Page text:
Ride to Connect started out in June as a grassroots fundraiser where seven uOttawa medical school friends decided to collectively bike the distance across Canada to raise money to help seniors combat social isolation during COVID-19.
Just two months later, the Ride to Connect biking community on Strava has grown to over 245 participants from across Canada, including cyclists from the Canadian National Team. The fundraiser has gained the public endorsement of politicians and celebrities including Ottawa Mayor Jim Watson, Vaughan Mayor Maurizio Bevilacqua, writer Margaret Atwood, and actor Sandra Oh.
Collectively, members have so far cycled 69,220 km and raised over $40,000.
“Our cycling members, supporters and fundraising partners are relentless,” said co-founder Nathan Chiarlitti (MD 2022). “The generosity of our donors coupled with the professional cyclists who have joined our cause have been incredible. Some cyclists are contributing over 200 km a day and up to 1,000 km a week.”
With the funds raised, Ride to Connect is working with HelpAge Canada to purchase electronic tablets for isolated seniors in long-term care homes and will also provide free training and tech support to help enhance technology literacy among the elderly.
Supporters can join the Strava cycling group, sponsor the campaign through corporate donations or contribute via individual giving.
“It started with the seven of us thinking about our own grandparents when the pandemic lockdown first began in March,” said co-founder Simon Pupulin (MD 2022). “Many of us are studying medicine here away from our families; technology has been the only way to stay connected regularly.”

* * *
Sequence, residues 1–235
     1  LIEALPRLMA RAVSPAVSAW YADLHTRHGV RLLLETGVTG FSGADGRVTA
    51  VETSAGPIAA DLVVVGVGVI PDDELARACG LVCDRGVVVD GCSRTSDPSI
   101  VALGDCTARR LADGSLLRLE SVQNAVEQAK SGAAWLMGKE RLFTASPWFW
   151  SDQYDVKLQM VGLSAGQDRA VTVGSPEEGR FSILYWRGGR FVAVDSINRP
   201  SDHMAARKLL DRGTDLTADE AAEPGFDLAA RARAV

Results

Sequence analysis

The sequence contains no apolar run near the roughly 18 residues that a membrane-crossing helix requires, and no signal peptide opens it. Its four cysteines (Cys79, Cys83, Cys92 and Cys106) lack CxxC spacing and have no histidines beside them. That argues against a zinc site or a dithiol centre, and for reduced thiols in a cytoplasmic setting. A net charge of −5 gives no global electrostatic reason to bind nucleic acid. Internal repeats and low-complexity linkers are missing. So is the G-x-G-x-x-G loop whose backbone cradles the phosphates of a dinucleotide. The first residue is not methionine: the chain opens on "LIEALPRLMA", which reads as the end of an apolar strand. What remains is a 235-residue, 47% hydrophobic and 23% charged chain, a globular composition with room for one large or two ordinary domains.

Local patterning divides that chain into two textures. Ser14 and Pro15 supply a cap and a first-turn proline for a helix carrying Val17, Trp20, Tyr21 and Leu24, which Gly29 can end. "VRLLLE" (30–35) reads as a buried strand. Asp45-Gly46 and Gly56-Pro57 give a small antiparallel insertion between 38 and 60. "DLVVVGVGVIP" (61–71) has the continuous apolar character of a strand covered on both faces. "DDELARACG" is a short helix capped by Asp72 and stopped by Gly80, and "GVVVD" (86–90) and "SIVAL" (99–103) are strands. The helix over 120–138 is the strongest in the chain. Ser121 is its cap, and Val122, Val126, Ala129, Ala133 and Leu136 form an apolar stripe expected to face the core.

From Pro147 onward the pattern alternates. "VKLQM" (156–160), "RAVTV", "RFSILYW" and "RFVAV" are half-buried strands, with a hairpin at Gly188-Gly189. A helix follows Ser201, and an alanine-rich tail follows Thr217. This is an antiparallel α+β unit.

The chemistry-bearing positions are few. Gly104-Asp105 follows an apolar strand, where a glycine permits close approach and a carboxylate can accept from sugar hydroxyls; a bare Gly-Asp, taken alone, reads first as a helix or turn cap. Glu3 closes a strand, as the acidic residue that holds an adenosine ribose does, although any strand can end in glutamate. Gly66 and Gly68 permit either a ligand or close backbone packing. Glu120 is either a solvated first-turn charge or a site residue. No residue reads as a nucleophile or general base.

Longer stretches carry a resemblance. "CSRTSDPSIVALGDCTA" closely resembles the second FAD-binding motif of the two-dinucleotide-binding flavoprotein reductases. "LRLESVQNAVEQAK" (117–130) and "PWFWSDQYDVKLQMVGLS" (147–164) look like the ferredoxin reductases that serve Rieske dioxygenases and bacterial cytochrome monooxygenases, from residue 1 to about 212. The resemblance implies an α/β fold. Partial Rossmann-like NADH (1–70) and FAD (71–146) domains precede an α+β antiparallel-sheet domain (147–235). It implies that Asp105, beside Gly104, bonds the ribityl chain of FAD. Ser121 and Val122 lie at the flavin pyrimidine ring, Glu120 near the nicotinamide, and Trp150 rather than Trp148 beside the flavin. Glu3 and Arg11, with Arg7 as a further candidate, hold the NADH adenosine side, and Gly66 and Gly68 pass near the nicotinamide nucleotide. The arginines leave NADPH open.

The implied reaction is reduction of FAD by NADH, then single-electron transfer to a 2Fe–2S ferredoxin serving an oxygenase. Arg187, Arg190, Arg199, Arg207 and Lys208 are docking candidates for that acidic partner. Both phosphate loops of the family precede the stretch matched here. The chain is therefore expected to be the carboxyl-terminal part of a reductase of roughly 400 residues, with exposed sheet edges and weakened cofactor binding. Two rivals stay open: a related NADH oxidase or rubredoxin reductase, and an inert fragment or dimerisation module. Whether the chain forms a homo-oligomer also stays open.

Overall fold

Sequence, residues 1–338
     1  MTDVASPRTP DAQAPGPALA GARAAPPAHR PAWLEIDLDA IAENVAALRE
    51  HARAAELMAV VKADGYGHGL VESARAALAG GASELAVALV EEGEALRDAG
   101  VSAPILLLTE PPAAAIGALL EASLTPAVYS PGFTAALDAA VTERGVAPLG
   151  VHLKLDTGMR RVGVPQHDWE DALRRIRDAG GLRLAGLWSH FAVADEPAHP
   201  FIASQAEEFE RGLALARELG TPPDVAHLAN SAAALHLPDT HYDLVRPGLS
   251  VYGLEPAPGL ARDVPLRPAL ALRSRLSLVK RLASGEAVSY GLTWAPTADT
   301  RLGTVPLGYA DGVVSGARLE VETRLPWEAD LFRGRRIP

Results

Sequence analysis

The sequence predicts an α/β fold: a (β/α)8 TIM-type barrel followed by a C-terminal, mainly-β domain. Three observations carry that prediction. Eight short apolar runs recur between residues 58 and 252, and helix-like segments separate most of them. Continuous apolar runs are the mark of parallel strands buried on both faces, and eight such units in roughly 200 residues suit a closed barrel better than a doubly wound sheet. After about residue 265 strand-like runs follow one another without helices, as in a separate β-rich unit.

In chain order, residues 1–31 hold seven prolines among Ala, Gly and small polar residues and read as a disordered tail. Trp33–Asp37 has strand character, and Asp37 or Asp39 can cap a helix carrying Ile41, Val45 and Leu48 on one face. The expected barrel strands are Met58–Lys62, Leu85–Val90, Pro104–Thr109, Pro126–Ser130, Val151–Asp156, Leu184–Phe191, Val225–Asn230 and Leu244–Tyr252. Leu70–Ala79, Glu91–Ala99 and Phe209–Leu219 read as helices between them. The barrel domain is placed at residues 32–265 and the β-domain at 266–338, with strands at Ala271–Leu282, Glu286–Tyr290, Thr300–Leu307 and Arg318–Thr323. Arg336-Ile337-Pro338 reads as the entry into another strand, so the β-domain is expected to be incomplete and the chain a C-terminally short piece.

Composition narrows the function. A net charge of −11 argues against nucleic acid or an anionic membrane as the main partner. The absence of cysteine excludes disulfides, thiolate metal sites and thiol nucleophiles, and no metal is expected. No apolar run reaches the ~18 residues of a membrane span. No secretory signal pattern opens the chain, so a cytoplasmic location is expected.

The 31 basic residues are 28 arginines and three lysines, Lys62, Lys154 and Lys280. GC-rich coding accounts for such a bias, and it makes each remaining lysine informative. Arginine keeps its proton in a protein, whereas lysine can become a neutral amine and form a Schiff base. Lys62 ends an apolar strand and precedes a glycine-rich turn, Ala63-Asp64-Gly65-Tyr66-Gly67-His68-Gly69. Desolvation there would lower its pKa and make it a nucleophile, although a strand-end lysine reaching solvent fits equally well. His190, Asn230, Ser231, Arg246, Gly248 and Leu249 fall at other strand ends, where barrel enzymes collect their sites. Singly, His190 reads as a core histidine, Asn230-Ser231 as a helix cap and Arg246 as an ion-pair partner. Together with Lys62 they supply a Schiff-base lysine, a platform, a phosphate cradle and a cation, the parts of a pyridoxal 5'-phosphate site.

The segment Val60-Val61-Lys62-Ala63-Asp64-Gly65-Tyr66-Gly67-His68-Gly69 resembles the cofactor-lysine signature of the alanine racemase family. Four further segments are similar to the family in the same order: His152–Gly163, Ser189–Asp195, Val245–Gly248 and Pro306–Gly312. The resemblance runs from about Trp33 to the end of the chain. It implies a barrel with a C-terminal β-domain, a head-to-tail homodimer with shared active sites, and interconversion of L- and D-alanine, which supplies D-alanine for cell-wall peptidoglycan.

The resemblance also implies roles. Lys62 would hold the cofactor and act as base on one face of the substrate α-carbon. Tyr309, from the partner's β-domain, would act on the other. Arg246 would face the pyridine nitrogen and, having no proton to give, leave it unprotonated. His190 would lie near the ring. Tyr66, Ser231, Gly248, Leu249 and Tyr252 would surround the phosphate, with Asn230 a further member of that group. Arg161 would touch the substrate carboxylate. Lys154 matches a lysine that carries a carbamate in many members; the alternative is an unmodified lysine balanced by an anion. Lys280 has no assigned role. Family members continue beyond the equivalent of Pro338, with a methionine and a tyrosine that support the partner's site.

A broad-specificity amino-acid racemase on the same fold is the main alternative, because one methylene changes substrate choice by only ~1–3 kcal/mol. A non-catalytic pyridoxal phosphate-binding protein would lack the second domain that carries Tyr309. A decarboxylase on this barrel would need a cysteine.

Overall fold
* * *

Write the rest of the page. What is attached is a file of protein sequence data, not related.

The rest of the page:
“It hit home particularly hard for me,” said Chiarlitti, who is extremely close to his family, but had been away from home regularly since he was 16 as a junior league hockey player. “Calling, texting and FaceTiming were absolutely essential for staying in touch with my parents, siblings and grandparents. But not everyone has that luxury or can afford the technology.”
Recognizing that, even with tablets in hand, some seniors may not have someone to connect with virtually, Ride to Connect is looking to collaborate with another uOttawa medical student initiative Student-Senior Isolation Prevention Partnership (SSIPP).
SSIPP pairs student volunteers with isolated seniors looking to connect with another person virtually through the use of technology. Together with Ride to Connect, these grassroots organizations and their non-profit partners are looking to combat the devastating ramifications of social isolation during COVID-19.
“There’s also an advocacy component to this initiative that aims to raise awareness about the gaps in quality of care for seniors within our current health care system,” said Pupulin.
“We see how some long-term care homes are struggling and we want to create lasting change. We hope to petition politicians, policymakers and health care professionals to address the vulnerabilities within the current system for elder care.”
Some of the uOttawa MD students who cofounded Ride to Connect are available for media interviews.
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